Cars, speed, racing and male testosterone………those same components that consumed the atmosphere at ’24 Heures du Mans’, were just as effervescent when I watched my lovely son, James, racing in the Sports Club of America, (SCCA), Mazda Spec Miata, series at Sonoma Raceway, California.
About 70 specially spec Mazda Miatas, growling like hungry tigers, eagerly snarling on the starting grid. Impatiently reeving their engines, waiting for the flag to drop, signaling their permission to screech onto the track.
Ready to scream up through the gears, ‘pedal to the metal’ and hurtle themselves into the chicanes. Jostling for position, daring to take the ‘racing line’ into the corners as tightly as possible……
Roaring engines, gears shifting, clouds of brake dust and complete exhilaration!
People across the globe love an outdoor market, to purchase hand grown, freshly picked flowers and produce. Lavender, sunflowers and hydrangeas, beautiful wherever they are displayed for sale. These were at last Saturday’s San Francisco, Ferry Building, Farmers Market. Standing beside my dear friend Michelle, we remembered fondly the last time we stood together at a market, 4 months earlier, 5000 miles away in our beloved Provence.
Lusciously ripe tomatoes, lemons, peaches, plums, cherries, strawberries, the sort that squirt their delicious flavor of summer into your mouth, all temptingly displayed and soon weighing down my market basket.
The sun warming our backs, tantalizing smells of coffee and freshly cooked hot sandwich fillings, a gentle breeze coming off the Bay, we were enfolded as part of the bustling crowd, shuffling down each market aisle.
Canopied under a cornflower blue, cloudless sky, set against a backdrop of the breathtaking San Francisco skyline. On one side, the gently lapping waters of the Bay dominated by the Bay Bridge and on the other, the proud soaring, skyscrapers of the city.
The Ferry building opened in 1898 becoming the transportation focal point for anyone arriving by train to the city. From the Gold Rush until the 1930s, arrival by ferryboat became the only way travelers and commuters—except those coming from the Peninsula—could reach the city. Surviving two earthquakes (1906 and1989), the Ferry Building has been restored to its original grandeur as one of San Francisco’s most cherished landmarks. Inside it is a marvel of tempting produce; from small olive oil producers, mushroom growers, bespoke cheese makers, charcuteries and bakery products to name but a few. So inspiring to look at the hard work and craft from artisans who succeed in making a living by following their passion, producing the highest quality of specialist culinary delights.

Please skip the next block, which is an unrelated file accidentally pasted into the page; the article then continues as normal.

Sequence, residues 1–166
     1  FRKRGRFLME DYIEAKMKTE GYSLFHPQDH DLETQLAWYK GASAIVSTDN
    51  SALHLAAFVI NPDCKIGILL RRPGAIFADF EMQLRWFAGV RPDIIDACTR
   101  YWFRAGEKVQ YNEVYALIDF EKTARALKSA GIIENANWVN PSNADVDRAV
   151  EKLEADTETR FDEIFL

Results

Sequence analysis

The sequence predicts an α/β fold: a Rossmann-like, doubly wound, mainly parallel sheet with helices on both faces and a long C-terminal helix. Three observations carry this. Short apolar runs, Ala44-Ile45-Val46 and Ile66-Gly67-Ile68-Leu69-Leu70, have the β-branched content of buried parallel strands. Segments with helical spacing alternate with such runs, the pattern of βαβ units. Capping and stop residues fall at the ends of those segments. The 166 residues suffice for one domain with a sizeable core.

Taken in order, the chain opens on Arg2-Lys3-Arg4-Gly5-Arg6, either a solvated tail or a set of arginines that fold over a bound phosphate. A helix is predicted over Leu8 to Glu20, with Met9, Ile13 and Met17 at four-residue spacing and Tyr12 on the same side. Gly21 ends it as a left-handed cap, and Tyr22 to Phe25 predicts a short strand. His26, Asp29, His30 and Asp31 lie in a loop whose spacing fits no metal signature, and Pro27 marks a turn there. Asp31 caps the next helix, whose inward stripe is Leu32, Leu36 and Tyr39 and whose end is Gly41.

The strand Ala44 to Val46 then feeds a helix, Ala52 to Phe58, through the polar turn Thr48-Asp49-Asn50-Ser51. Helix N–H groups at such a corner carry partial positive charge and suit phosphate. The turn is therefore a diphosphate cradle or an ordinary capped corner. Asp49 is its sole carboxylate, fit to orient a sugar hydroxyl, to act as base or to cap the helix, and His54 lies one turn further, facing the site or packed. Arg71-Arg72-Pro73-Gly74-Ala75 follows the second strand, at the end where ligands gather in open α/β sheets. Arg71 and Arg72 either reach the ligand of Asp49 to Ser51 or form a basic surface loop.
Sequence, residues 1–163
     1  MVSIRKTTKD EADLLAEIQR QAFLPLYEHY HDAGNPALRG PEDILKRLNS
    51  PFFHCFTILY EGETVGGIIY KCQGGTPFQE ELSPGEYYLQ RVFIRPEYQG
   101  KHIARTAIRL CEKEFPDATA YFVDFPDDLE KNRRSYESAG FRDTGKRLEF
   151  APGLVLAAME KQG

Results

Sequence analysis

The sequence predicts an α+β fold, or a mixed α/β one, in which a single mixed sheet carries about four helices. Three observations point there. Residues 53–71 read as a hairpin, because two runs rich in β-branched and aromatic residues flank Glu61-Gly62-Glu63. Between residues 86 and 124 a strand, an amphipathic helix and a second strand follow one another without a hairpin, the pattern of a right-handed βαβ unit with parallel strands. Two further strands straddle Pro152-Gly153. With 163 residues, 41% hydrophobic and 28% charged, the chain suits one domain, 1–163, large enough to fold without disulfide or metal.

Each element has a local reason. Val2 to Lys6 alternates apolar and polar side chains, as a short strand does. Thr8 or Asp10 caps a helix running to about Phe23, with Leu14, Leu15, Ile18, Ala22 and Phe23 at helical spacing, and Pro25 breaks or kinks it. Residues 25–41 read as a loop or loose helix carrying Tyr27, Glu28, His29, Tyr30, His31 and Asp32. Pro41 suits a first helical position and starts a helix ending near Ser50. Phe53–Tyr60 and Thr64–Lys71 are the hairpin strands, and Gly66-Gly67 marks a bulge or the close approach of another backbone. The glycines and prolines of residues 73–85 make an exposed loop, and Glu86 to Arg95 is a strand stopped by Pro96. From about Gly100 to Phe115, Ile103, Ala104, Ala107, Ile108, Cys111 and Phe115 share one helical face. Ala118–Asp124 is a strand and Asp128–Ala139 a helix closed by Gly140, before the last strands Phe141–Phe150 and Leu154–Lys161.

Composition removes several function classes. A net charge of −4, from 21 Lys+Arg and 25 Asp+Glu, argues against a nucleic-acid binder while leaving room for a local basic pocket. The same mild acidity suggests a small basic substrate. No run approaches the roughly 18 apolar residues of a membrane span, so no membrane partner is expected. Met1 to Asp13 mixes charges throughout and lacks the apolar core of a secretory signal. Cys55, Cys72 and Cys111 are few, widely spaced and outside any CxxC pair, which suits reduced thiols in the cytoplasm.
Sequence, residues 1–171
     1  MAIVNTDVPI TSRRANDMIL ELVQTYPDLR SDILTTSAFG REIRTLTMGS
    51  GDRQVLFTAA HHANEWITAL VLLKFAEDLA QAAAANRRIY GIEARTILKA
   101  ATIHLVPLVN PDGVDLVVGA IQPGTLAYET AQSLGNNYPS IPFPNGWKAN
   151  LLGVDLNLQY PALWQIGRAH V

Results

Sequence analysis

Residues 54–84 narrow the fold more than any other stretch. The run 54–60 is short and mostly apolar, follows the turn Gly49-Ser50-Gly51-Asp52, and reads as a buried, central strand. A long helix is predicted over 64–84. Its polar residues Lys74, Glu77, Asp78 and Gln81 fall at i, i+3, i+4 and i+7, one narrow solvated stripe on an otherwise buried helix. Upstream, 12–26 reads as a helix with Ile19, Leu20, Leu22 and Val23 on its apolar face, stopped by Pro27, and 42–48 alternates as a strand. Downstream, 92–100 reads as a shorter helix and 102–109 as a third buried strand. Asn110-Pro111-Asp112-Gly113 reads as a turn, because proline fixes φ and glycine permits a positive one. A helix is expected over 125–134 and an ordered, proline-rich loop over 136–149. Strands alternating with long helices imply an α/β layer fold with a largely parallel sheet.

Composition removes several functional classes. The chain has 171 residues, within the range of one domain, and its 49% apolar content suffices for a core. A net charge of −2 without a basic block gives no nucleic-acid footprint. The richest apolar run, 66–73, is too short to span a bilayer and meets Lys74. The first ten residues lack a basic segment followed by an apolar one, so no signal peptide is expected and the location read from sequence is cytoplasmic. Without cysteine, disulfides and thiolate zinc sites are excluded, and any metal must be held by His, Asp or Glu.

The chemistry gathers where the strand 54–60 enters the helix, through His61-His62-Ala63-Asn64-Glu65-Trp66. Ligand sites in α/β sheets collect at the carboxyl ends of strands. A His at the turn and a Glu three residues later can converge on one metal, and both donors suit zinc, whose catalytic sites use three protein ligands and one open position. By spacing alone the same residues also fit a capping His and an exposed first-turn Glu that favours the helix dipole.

Seemingly so far away from the broad, leafy shadows of the trees shading the market sellers in Place aux Herbes, Uzès, yet actually not so far. People who appreciate sumptious, fresh produce mingling together in markets across many different continents, including San Francisco and Uzès, joined by a shared desire to savor and create superb flavors and taste. What a lovely way to spend a Saturday morning, wherever you may be!
I called my blog ‘sunflowers and shutters’ because they are a few of the images embedded in my heart when I think of southern France. In my 6 months there I actually never saw any sunflowers but I did yesterday, not in Provence but in the beautiful Napa Valley, California.
sipping my favourite bold, oakey, buttery and I realize very passé Californian Chardonnay (a deliciousness you can only get here!) – with special friends, I remembered why we moved to California so long ago.
True, no shutters or medieval streets, 1874 was as old as it got yesterday, (but still impressive!), it really gives you pause for thought!
The lush and bountiful vineyards of the Napa Valley, flanked either side by the rolling golden Californian hills are just a 45 minute drive from my Californian home. As I sat there discussing plans to visit Carmel, another very much beloved Californian stunner, I could see my lovely daughter’s smiling face……”Yes Mummy it is pretty special here!”
It doesn’t in any way dilute my passion for those ancient cobbled streets guarding their age old secrets between the shutters. Neither can that unique beguiling atmosphere be found here, it belongs there………
but where do I belong……….?
What a question to ponder, I’ll keep you posted!!!
This is the day that Americans remember gaining their independence from the British in 1776. Had history unfolded differently maybe today they would still be more officially joined to us as part of the Commonwealth. There are many Americans who, like their Canadian neighbours would love to claim our Queen as theirs too. Having lived in this amazing country for over a third of my life I am always so touched by the American’s love and support of our wonderful monarch and their love of we Brits.
Thank you America for always making me feel special (well apart from at Immigration and the DMV!) I will never tire of being asked “oh are you English or “where in England are you from?” Thank you for your positive attitude, your warmth, your generosity and your greetings full of smiles, thank you for making me feel welcome in your country. ‘Home’ for me will always be England, as much as I love both France and California but how lucky am I to be made to feel so loved and special in this my ‘adopted country’.
On July 4th God Bless America, I am so glad that since 1776 we have become each others greatest friends!